Plasma rocket on track to 100 hour firing at 100 kilowatts in 2018

Ad Astra is working to boost the endurance of the Vasimr plasma rocket to 100 hours of continuous firing at a power level of 100 kilowatts, by 2018.

Ad Astra Rocket Company has successfully completed all contract milestones and deliverables for the second of its three-year Next Space Technology Exploration Partnerships (NextSTEP) contract with NASA. The 9 million dollar, fixed-price contract remains on schedule and on budget. After a successful year-two performance review at NASA Headquarters in Washington D.C. on July 24, 2017 and completion of a 10-hour cumulative test of the 200SSTM rocket at 100kW, Ad Astra received NASA approval to proceed with year-three activities.

The goal of the project is to demonstrate a 100-hour continuous firing of the company’s VX-200SSTM VASIMR® prototype, at a power level of 100 kW. The company marches towards this goal on schedule, along a path of interim milestones. These focus on the rocket’s new active thermal management system, designed to enable it to operate at full power indefinitely.

This year’s major accomplishments include the demonstration of the rocket’s new thermal management system and major modifications to Ad Astra’s Texas 150 m3 vacuum chamber and laboratory infrastructure. These are needed to handle the unprecedented thermal load from the rocket’s 3 million-degree plasma exhaust. These modifications were validated in a series of rocket firings that began in early July. The final year-two milestone of 10 hours of accumulated rocket operation at 100 kW was successfully completed on August 1, 2017.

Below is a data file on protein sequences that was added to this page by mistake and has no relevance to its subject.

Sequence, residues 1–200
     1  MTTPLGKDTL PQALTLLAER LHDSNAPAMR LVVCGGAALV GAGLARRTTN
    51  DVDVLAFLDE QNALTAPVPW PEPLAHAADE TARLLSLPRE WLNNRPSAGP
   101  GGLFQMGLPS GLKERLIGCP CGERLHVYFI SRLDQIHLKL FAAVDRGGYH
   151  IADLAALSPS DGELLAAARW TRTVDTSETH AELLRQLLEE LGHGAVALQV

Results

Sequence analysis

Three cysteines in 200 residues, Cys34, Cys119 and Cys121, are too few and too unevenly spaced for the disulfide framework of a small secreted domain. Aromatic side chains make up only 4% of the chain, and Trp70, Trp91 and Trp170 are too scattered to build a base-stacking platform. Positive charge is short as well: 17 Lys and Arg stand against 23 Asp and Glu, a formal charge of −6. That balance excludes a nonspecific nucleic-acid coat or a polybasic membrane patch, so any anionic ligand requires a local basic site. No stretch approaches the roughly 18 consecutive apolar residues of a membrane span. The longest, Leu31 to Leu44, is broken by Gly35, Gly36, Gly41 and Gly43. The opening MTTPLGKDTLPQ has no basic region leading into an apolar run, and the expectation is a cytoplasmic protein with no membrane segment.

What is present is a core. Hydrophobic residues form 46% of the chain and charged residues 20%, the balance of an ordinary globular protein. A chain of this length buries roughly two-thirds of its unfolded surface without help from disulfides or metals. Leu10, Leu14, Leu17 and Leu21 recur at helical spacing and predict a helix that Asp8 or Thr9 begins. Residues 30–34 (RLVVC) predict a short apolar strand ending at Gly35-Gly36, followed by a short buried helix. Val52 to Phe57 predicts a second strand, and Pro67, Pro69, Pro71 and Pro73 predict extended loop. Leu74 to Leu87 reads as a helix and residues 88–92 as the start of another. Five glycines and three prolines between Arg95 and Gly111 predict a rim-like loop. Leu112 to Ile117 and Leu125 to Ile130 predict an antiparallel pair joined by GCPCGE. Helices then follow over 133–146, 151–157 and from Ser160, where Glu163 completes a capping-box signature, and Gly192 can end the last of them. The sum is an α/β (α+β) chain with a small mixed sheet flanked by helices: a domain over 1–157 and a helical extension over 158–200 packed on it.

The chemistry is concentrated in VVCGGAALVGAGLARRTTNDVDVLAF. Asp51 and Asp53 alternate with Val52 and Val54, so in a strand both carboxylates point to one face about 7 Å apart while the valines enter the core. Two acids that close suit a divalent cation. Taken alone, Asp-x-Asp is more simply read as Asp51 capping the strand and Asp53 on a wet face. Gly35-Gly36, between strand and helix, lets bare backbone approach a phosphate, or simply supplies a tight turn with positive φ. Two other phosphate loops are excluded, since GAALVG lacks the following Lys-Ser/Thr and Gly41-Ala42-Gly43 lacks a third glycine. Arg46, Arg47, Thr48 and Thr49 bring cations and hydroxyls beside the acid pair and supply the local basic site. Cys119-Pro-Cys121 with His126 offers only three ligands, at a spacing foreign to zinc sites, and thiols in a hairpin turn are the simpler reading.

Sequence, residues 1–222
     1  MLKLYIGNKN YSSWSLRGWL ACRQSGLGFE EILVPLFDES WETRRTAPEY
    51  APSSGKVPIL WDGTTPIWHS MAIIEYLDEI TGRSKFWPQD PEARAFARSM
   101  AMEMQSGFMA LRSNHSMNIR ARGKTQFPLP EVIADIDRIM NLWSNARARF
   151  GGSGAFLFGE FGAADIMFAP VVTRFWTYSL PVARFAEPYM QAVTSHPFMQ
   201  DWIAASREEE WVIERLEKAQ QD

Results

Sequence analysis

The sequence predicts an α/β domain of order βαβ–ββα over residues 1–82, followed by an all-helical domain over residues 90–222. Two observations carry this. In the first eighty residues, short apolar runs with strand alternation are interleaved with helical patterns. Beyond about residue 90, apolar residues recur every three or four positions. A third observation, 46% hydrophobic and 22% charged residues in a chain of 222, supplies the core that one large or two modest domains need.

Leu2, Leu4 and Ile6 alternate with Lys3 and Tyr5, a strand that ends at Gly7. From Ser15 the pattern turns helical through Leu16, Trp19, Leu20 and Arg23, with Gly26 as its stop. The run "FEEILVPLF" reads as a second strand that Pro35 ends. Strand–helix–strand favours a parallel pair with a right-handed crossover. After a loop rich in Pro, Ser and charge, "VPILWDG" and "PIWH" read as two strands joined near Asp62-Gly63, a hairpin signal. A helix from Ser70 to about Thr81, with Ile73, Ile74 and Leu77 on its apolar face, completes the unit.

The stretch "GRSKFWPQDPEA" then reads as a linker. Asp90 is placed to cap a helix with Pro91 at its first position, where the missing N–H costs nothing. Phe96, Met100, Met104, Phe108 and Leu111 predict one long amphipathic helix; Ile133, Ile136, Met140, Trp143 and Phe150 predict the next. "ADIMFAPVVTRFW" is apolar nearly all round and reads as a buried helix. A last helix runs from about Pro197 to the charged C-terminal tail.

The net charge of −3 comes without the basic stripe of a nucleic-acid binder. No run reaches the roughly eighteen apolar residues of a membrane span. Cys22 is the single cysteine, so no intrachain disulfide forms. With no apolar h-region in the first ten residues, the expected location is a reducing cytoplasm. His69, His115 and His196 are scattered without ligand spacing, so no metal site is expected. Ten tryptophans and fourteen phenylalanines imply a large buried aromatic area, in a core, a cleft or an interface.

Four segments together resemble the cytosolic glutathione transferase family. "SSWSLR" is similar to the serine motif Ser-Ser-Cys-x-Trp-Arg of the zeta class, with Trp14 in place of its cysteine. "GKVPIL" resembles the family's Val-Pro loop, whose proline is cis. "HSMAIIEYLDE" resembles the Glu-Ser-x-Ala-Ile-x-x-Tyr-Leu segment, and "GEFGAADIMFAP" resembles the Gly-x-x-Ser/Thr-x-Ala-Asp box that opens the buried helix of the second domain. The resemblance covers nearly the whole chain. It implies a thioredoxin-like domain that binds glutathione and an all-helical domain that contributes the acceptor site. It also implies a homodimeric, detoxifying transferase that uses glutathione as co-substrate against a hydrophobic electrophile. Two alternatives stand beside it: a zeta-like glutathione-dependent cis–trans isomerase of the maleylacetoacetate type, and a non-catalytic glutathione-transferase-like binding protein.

The team now moves to year-three with high power plasma campaigns of increasing length, with periods of hardware inspection and opportunities to implement system improvements based on lessons learned. Year three will culminate in the late summer of 2018 with the 100-hr continuous test of the VX-200SSTM at 100kW. Ad Astra expects that this test will bring the VASIMR® engine to a technology readiness level (TRL) of 5, a step just before space flight. Some comments from Ad Astra’s team members, directly involved in the recent 10-hr high power test, capture the excitement of the moment.